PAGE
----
So it will be surprising if asylum seeker boats do not reappear in Australian waters over the next few months.  
And they might be all the more likely to do so because of the forthcoming federal election. With the prime minister expected to call a double dissolution election before next week, the government will enter caretaker mode. Major new policies, such as negotiating new offshore locations for assessment centres will be put on hold. New options to repair the damage suffered by the policy will have to await the outcome of the July 2 poll.  
Consequently, people smugglers will have a few months of opportunity in which to resurrect their trade. Any upsurge in boat arrivals will have to be handled by Border Force and the Australian Defence Force  through an attenuated chain of command. Caretaker conventions indicate that any unusual action should require consultation with the opposition. Unilateral ministerial actions may well become a campaign issue, perhaps placing Commonwealth officials in an invidious position. PNG will respond to its imperatives regardless of Australia's election schedules. There could be plenty of scope for confusion, miscalculation or tragedy. 

Wednesday, May 04, 2016

The Philippine Election - Backlash, and Backlash Against Backlash

The coming vote for who will succeed Noynoy Aquino as president has started to dismay outside observers, perhaps for good reason. But while the country enjoyed outstanding economic growth overall under his tenure, inequality remained largely unchanged, while awareness of and outrage over the Philippines' implacable culture of corruption has steadily increased.  Hence, Trumpism comes to Manila

Mar Roxas and Rody Duterte are on opposite sides of the presidential spectrum. On one hand is Roxas, a US educated technocrat and member of the elite. His family is pedigreed, both in the political and business spheres. The Roxas and Araneta clans are among the handful of oligarchs that control the country. Roxas has had extensive experience working at the national level having had stints at the Senate and the executive branch. He has the advantage of being endorsed by the incumbent, not to mention the full force of the Liberal Party at his disposal.
On the other extreme is Rody Duterte, a provinciano who doesn’t give a hoot about social correctness or propriety. He was educated in local schools albeit expelled twice for misconduct. Nevertheless, he managed to obtain a Juris Doctor degree from San Beda. Duterte is a specialist in local governance having served as mayor for more than two decades. He was congressman for only one term. His handiwork, Davao City, is a model city in many ways but remains underdeveloped, for the most part. He is the standard bearer of the PDP Laban, an underfunded party with a handful of members and a sketchy political machinery.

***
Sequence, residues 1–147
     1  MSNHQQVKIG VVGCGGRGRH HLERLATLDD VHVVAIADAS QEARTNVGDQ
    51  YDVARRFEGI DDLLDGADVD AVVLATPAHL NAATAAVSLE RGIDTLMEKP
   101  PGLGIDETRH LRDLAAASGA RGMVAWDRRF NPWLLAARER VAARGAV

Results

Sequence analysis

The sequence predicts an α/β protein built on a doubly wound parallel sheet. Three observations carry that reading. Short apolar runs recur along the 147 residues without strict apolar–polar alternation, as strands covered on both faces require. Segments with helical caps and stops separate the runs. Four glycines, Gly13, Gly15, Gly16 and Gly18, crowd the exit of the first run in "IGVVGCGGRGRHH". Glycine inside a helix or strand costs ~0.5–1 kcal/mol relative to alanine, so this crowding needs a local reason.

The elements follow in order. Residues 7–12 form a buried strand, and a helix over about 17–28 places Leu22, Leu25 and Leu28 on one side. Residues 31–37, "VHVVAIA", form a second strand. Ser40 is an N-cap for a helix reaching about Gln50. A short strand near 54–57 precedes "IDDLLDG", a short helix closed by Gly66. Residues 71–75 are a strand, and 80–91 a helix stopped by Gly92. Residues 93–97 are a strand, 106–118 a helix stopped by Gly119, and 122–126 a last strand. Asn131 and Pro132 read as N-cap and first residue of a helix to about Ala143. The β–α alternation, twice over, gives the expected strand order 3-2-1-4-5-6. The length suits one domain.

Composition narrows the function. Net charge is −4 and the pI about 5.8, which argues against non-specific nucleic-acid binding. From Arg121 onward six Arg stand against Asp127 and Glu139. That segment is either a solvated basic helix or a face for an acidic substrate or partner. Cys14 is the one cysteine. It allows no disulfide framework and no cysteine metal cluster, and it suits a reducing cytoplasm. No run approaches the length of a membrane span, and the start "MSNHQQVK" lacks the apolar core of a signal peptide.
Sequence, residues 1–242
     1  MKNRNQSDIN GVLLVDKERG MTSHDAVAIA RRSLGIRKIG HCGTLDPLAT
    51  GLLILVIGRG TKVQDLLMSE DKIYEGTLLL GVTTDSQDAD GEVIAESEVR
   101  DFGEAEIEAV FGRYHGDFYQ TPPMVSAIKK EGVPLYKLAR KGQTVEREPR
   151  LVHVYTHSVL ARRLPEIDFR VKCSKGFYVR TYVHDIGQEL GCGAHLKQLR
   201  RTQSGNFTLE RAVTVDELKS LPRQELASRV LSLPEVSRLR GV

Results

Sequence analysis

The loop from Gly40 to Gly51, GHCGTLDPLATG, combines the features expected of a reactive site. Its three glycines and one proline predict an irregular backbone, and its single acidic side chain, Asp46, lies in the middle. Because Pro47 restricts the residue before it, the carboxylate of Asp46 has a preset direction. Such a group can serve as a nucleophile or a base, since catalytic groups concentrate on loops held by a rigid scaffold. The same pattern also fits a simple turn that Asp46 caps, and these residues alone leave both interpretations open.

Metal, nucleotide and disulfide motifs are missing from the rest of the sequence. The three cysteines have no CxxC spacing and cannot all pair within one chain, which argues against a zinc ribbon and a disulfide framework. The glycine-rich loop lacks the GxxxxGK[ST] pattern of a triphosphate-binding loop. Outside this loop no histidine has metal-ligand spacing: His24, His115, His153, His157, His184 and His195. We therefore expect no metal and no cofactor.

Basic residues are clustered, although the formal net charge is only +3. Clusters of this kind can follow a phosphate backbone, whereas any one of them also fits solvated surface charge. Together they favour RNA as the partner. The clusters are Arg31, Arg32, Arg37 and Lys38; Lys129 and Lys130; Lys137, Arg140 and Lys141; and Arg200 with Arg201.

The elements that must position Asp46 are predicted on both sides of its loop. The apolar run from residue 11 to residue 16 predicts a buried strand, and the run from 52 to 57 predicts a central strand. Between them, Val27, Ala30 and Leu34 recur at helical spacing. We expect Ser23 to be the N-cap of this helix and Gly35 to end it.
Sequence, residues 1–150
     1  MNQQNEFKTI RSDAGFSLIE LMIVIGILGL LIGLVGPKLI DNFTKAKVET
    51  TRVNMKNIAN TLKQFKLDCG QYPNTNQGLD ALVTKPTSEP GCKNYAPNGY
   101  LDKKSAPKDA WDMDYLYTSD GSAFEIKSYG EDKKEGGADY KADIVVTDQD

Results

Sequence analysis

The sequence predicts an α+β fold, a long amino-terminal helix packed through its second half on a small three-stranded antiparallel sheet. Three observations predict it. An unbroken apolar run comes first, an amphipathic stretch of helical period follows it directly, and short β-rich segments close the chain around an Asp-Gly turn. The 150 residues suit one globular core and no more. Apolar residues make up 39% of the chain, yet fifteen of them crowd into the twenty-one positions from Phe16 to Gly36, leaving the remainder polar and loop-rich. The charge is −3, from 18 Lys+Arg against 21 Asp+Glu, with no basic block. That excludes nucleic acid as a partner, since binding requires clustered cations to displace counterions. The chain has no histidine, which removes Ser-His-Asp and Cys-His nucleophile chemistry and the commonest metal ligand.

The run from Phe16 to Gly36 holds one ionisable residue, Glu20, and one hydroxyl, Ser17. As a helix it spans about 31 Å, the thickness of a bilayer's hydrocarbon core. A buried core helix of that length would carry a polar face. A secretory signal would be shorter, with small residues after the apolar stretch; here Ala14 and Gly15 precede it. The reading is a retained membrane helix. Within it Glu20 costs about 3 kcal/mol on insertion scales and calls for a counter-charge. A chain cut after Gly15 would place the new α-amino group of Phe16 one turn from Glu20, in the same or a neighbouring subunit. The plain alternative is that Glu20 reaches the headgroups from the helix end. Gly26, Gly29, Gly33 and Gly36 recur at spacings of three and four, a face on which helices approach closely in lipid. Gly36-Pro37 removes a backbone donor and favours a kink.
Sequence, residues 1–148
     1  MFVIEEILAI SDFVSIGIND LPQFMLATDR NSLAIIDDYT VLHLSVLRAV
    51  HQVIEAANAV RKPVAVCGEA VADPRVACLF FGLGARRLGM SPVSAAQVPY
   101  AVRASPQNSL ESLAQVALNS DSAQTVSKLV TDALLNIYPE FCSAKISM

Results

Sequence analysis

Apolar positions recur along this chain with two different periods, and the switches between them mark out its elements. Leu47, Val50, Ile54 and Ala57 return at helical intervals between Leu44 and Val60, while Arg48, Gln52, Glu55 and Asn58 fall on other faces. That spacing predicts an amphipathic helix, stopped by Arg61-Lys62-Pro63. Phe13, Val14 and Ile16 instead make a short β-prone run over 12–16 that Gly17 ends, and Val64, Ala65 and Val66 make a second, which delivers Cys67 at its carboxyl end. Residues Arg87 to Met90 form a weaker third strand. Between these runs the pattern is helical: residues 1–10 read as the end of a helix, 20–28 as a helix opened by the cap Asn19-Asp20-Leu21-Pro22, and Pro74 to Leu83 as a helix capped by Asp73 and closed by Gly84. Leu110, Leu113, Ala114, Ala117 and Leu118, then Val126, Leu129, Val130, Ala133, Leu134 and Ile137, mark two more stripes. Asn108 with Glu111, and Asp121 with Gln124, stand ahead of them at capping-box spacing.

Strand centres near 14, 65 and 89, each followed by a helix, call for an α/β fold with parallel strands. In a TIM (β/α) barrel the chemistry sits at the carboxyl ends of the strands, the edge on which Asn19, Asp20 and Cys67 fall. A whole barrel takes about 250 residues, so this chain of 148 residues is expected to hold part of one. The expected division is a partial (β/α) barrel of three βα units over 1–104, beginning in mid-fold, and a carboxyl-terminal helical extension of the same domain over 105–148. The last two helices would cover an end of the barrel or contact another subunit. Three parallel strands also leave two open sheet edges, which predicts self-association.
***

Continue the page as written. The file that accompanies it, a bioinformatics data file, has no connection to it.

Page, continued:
Pound for pound, Mar Roxas should be the man to beat. But this is not the case. Defying logic, the latest Pulse Asia survey shows Roxas trailing at fourth place with just 17 percent of the votes. Meanwhile, Duterte soars high at 35 percent. This, despite the blowback of slurs against rape victims, the Mexican people and the American and Australian governments. With just seven days before the electorate casts their vote, many wonder – why have the tides turned against Mar Roxas? Is it too late for him to catch up? What can he do to rally?

Now Rodrigo Duterte is at the top of the polls. His grassroots support is nothing short of phenomenal. Jeepneys are plastered with his face. “Du30” is spelled out in packing tape on the back windows of commuter vans. The mass of humanity who cheer him on wear t-shirts painstakingly hand-lettered with marking pens in kitchens across the country, or silkscreened on improvised machines donated to satellite headquarters. Small-time vendors who make a living printing campaign paraphernalia give out Duterte posters at their own expense. Media workers have left their posts to fill the ranks of volunteer videographers. 
This is an electorate that has found its voice in the mayor of Davao City. His movement cuts across class, gender and generation. He is the champion of mothers terrified of kidnappings. He is the savior of the displaced in the war zones of Maguindanao. Whatever happens on the 9th of May, an angry old man from the forgotten south has already changed the tenor of political conversation. The tone is indignant, often violent, but it is hopeful nonetheless, and it has energized a citizenry once resigned to politics as usual. 
He stands instead for the politics of the extreme. He says screw the bleeding hearts, and to hell with the bureaucracy. He voices the helplessness and rage of Filipinos forced to make do in a country where corruption is casual and crime is ordinary. Duterte has their backs, and he says the struggle ends here, today. He goes beyond anger, even beyond solutions. Digong Duterte offers retribution. 
“Kill them all,” he once told a cheering crowd in Lingayen. “When I become president, I'll order the police and the military to find these people and kill them.”

While Trillanes has shown records of deposits in Duterte’s bank accounts over time running into the millions, in no instance did he say that P211 million had been “singly” or “collectively” deposited in the BPI account at the Julia Vargas branch. Not surprisingly, BPI’s response would have to be, “None. Nada. Zilch.” Duterte’s lawyer must think our comprehension of English is faulty. 
Of course, Trillanes’ affidavit, claiming that a concerned informant and former Duterte supporter had passed on the explosive bank records to him, was just as unbelievable as Panelo’s ill-concealed verbal sleight-of-hand.